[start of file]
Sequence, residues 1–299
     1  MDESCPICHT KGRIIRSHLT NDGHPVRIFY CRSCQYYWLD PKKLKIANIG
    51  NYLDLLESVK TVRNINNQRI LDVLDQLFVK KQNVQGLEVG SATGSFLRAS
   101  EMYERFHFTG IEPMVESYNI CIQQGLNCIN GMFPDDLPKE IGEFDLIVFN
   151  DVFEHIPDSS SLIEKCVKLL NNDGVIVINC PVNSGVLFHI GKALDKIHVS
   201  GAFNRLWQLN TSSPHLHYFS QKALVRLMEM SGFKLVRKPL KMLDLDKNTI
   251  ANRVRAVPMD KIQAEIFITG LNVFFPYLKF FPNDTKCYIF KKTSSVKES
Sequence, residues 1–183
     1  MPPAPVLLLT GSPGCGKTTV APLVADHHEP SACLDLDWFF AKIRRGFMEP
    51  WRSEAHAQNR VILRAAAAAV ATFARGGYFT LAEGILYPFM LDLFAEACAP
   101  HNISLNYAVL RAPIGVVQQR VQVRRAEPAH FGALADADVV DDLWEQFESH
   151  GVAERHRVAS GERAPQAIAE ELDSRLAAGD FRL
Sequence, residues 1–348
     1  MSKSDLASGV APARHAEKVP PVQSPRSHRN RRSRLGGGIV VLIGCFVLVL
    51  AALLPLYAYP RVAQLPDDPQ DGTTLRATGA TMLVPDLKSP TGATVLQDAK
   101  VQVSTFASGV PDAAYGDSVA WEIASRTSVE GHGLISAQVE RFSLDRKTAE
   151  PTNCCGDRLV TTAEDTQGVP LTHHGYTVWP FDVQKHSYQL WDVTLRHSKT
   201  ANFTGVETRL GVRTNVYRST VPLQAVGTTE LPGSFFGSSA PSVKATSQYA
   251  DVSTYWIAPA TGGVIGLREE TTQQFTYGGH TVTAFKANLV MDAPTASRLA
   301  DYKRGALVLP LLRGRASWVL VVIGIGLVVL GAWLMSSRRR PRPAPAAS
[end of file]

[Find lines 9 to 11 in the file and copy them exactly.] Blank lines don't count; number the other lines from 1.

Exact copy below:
     1  MPPAPVLLLT GSPGCGKTTV APLVADHHEP SACLDLDWFF AKIRRGFMEP
    51  WRSEAHAQNR VILRAAAAAV ATFARGGYFT LAEGILYPFM LDLFAEACAP
   101  HNISLNYAVL RAPIGVVQQR VQVRRAEPAH FGALADADVV DDLWEQFESH